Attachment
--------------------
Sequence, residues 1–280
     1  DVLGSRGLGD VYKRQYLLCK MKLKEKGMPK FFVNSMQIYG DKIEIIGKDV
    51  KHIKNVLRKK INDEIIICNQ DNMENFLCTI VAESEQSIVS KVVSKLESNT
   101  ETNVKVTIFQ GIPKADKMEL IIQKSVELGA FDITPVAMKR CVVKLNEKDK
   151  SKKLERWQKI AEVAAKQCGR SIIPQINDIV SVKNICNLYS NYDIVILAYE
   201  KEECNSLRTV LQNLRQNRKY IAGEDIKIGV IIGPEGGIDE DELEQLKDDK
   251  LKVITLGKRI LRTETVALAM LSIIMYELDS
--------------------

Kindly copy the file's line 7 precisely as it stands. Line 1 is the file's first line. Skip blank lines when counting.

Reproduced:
   251  LKVITLGKRI LRTETVALAM LSIIMYELDS